I would like to add that the ROH ticket agents were extremely gracious, accommodating and helpful in this process. There are also no extra fees involved, despite all the handling. U.S. venues should really think about adopting this practice.

Link to comment

For the 2010 Olympics in Vancouver, VANOC created a website where all tickets purchased by Canadian residents through them were linked to a customer account. Anyone who bought a ticket could use the system to sell the tickets to anyone else in the system. The VANOC system charged 10% to each side, which included credit card processing and cost of fraud. I suspect they paid for a pretty big chunk of the system through those commissions, since the seller set a price, and those hockey tickets were going for thousands. Since Visa is such a visible sponsor for the Olympics, they may have gotten a deal on some of the processing costs and/or a transaction classification that didn't allow charge backs, or at least easily.

The buyers knew they were getting authentic tickets, and VANOC kept track of the sales trends. (I bet that data was worth a pretty penny.) There were still people hawking tickets at the venues -- the resale system closed a day or two before the event, and it wasn't open to non-residents -- but it meant that the organization only bore the daily administrative burden of printing out the tickets at the venue or the ticket-buying centers for the bulk of resales.

Link to comment

There are also no extra fees involved, despite all the handling. U.S. venues should really think about adopting this practice.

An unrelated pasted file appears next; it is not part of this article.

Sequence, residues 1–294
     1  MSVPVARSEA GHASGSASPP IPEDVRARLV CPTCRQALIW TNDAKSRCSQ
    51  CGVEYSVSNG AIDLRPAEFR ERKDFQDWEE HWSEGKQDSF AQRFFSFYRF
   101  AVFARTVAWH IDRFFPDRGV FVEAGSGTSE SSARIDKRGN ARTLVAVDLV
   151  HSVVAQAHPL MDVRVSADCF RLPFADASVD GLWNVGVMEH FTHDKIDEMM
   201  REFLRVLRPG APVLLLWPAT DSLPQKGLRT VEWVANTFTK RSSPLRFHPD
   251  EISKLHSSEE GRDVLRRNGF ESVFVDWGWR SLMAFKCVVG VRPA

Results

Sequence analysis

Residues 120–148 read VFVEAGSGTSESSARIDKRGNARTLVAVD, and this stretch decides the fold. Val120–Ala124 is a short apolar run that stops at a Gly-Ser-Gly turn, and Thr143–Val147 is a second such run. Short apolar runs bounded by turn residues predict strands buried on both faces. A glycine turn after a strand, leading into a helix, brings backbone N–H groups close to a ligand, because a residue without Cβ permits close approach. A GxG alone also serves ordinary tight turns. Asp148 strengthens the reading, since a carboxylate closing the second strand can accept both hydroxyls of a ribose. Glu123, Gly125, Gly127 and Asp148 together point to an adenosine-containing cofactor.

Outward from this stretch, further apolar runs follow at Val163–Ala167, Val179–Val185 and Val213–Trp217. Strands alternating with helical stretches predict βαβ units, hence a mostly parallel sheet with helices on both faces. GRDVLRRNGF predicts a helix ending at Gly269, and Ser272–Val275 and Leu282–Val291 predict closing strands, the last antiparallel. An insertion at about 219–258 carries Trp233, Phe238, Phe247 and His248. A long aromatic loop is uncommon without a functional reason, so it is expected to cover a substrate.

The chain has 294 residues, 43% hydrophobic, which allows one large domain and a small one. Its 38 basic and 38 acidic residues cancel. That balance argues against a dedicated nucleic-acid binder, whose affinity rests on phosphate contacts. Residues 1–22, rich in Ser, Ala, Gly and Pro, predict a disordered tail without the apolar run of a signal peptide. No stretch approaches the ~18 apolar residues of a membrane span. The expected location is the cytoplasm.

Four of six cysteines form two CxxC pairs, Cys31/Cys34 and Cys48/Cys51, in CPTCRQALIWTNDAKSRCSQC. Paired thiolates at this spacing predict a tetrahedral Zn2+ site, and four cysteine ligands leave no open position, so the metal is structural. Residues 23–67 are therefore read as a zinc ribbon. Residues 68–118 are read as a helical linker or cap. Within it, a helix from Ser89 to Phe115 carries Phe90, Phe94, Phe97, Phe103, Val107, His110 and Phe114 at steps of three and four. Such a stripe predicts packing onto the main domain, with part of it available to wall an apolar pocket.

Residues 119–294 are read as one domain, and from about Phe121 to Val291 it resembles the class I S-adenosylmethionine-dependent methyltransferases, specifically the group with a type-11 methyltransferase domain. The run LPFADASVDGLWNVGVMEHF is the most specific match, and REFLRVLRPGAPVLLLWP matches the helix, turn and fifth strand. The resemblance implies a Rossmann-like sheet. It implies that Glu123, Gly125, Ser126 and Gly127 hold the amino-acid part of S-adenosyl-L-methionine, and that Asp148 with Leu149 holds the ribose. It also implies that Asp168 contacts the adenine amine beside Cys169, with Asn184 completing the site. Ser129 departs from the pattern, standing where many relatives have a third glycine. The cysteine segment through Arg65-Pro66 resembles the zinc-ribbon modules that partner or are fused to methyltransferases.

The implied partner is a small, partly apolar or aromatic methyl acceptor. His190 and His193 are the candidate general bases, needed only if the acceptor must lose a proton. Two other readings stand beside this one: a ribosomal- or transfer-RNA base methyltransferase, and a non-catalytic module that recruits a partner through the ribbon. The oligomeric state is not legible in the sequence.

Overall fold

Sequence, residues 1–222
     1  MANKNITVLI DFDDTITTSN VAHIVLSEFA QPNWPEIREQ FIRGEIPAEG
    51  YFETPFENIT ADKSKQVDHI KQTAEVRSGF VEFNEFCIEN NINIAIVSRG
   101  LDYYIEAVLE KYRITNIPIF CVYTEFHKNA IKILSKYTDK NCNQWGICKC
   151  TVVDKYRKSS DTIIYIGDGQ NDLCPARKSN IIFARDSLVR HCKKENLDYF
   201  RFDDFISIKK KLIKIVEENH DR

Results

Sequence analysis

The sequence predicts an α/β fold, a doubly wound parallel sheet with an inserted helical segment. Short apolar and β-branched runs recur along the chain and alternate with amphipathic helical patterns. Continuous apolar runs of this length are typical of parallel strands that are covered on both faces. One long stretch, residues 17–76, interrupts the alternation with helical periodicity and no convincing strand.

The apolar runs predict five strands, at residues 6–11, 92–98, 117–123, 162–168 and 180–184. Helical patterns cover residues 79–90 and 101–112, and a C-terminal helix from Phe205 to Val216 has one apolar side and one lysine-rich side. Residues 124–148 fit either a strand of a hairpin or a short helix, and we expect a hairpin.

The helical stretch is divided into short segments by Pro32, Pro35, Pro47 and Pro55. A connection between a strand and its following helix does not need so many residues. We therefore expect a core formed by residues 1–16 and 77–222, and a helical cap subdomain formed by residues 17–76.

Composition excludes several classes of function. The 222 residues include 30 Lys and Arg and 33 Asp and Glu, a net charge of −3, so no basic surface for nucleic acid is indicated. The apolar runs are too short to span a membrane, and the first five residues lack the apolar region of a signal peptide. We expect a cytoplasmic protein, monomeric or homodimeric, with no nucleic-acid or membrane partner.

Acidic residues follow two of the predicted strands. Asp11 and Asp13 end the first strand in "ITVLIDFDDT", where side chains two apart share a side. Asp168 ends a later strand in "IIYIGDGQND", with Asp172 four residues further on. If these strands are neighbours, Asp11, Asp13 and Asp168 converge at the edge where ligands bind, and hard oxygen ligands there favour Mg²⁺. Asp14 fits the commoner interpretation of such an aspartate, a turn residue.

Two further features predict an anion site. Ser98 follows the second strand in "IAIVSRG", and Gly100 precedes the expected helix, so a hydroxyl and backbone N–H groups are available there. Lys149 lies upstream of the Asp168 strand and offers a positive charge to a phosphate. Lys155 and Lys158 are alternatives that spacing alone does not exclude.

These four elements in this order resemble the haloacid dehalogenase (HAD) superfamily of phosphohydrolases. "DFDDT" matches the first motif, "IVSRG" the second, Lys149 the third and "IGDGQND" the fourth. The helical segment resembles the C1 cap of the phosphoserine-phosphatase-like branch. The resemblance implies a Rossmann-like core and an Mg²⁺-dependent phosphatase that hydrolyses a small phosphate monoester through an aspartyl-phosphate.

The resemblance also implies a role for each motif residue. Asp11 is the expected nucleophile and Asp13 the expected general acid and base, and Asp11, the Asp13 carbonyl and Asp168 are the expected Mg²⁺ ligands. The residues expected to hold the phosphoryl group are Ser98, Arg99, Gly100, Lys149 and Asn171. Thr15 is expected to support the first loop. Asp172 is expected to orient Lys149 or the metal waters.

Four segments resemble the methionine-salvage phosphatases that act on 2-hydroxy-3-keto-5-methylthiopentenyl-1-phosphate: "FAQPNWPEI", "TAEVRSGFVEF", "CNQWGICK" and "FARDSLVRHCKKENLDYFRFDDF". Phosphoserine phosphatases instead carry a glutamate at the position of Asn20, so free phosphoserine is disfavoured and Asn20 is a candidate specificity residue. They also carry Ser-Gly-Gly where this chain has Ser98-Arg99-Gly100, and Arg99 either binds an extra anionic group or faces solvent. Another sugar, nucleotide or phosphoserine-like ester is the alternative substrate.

There is a £2 fee if a ticket is re-sold, and you can lose a small amount of money when the refund is processed through your credit card, since card exchange rates are not the same as a bank's, but these are tiny inconveniences in comparison to being stuck with an expensive ticket you don't want or can't use. It's also a much better deal for the person buying the returned ticket, who would otherwise probably have to pay much more to buy through a re-sale site. So yes, I'm all for it, too.


Link to comment

Anyone trying to get tickets for sold out performances at the Royal Opera House is best advised to follow the official route to getting tickets and not to try a try a resale site.People who know that they will not be able to get to a performance either give their tickets to friends or return them to the Opera House for resale because they know that there is a very good chance that they will be resold.There are a number of authorised ticket agents whose details can be found on the website. Everything else is at your own risk and could prove very expensive particularly if you are refused admission. or find that you have bought a £5 standing place when you thought that you were buying an expensive seat.